What the Flock?
04 Apr 2018
Ancient By-Law Means Cattle & Sheep Now Able To Graze Castle Combe Infield
Castle Combe's owners have been delving into the history books and have managed to unearth a series of unknown bylaws from the medieval period. Drafted around 500AD, the laws make clear that local landowners have the right to graze livestock in the field overlooking the ancient village of Castle Combe itself, an area of land which has since been used to create the South West's premier motorsport facility.
Keen to maintain its prominent position within the local community and only too aware the historical significance of its location, Castle Combe Circuit has opted to adhere to the newly uncovered bylaw, which means that, from the beginning of the 2018 motorsport season onwards, sheep and cattle will graze the infield of the circuit. It's a move which has already been embraced by the local farming community, many whom have been desperate to put the space to good use for several years.
“We must admit to being as surprised by the findings as everyone else,” muses Mr T Manager, a representative of Castle Combe Circuit. “The documents themselves were chanced upon by a local researcher going through some obscure archives in the nearby City of Bath, and were only brought to our attention last month. Nevertheless, we feel that as a key part of the local community and economy it's our duty to adhere to them as closely as possible, which is why we'll be permitting livestock to graze from the start of April.”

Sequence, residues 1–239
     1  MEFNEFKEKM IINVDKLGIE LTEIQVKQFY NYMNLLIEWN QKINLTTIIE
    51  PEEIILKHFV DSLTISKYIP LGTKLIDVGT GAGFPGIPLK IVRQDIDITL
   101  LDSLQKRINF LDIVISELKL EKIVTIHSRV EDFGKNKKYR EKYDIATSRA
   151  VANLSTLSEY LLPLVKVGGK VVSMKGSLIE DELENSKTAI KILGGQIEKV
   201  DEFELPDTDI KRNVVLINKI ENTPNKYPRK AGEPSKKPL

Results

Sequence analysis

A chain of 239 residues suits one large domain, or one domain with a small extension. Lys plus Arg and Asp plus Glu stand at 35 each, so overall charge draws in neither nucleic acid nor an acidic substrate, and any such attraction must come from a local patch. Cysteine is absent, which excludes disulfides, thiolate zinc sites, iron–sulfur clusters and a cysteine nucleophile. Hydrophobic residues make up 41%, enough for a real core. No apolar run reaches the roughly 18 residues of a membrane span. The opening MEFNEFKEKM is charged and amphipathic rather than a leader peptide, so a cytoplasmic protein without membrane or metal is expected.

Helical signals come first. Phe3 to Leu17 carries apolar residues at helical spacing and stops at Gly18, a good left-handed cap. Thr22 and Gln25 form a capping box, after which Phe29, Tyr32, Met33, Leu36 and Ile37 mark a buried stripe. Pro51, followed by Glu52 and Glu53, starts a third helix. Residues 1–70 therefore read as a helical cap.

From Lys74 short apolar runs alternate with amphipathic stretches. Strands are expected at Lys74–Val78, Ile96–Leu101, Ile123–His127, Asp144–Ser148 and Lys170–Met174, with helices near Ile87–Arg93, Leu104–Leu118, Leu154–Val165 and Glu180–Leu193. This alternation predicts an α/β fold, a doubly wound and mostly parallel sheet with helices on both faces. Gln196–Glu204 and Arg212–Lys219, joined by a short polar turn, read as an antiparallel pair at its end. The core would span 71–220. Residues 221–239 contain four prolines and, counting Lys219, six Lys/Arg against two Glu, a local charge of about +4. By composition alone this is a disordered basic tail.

While doubtless a popular move with the local farming community, Castle Combe's influx of woolly residents will cause a number of issues for those taking to the track itself. The bylaws place a clear limit on the number of animals permitted to graze the infield (50 at most), and also make it clear that both sheep and cows will effectively be free range, able to roam the area at will.
The safety of both drivers and animals is of paramount importance to Castle Combe's event organisers, and a number of precautions have already been enacted as a result. Extra signage can already be found throughout the Castle Combe track, with plans for cattle grids intended to bisect the Quarry corner area drawn up and ready for implementation. All drivers seeking to take to the track must also attend an expanded briefing, which explains how to avoid the animals by dynamic driving, and what to do if you come into contact with them. It's hoped that these alterations will help make Castle Combe safe and enjoyable for all, whether or not they have cloven hooves or Sparco race boots.
Managing Director Graham Marshallsay was swift to voice his praise for the move:
“This is a hugely important stage in the history of Castle Combe. We're confident that our loyal customers will embrace the move, and that it won't take long for the sight of a herd of Herefords crossing Avon Rise to become commonplace.”
Castle Combe will be home to a flock of 50 Texel Sheep from April 2nd onwards, with a herd of Hereford Cows taking their place later in the year.